Whether we like it or not, central bank digital currencies look like the future. Ninety-one countries across the globe are looking at and working on central bank digital currencies. Sixteen of those countries are African. It is expected that 20% of the world’s central banks will issue central bank digital currencies within the next three years.

The world currently has three active central bank digital currencies; The Bahamian Sand Dollar, The East Caribbean countries (Antigua & Barbuda, Saint Lucia, Saint Kitts & Nevis, Saint Vincent & the Grenadines, Grenada, Montserrat and Dominica) Dcash and Nigeria’s e-Naira.

As many as 40 countries worldwide are in advanced stages of central bank digital currency development. The amount of energy and resources being dedicated tells us that central bank digital currencies are certainly in our future. With that in mind, let’s examine the case for and against central bank digital currencies.

The case for central bank digital currencies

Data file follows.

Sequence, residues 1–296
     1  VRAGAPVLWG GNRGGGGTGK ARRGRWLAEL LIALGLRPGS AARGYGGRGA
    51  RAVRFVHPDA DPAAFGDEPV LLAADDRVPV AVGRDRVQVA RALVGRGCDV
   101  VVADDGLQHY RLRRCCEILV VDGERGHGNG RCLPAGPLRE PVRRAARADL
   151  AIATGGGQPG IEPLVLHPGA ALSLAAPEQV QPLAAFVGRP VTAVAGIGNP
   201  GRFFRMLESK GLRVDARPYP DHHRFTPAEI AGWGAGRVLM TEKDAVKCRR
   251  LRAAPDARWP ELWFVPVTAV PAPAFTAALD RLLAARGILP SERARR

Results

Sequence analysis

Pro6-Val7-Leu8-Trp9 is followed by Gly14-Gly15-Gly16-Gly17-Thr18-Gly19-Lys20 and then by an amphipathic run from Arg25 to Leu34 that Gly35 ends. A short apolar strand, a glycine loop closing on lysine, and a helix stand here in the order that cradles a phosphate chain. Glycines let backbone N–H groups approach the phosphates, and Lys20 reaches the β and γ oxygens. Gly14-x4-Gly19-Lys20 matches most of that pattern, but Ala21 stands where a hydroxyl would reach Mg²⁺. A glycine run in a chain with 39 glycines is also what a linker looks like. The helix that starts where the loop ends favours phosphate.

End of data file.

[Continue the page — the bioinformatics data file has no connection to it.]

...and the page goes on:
First, we should look at the case for central bank digital currencies. It’s important to understand that central bank digital currencies are not the next iteration in digital currency per se but rather a bridge between fiat currency and cryptocurrency. Understanding this will help us realise that central bank digital currencies will offer something akin to the best of both worlds.

Improving payments landscape

Cryptocurrencies have shown that the world of payments was due for a quantum leap and blockchain technology brought that to us. At full capacity and with wider acceptance, digital currencies can vastly improve the payments landscape. central bank digital currencies will have the advantage of utility, and wider adoption is usually a catalyst for greater innovation.

Cross border payments

With a multiplicity of cryptocurrencies in operation, we’ve seen a problem similar to that with multiple fiat currencies. Where the fiat system has used intermediary banks, which make the cost and speed of cross-border transfers undesirable, digital currencies haven’t done much better with exchanges and swaps also proving costly.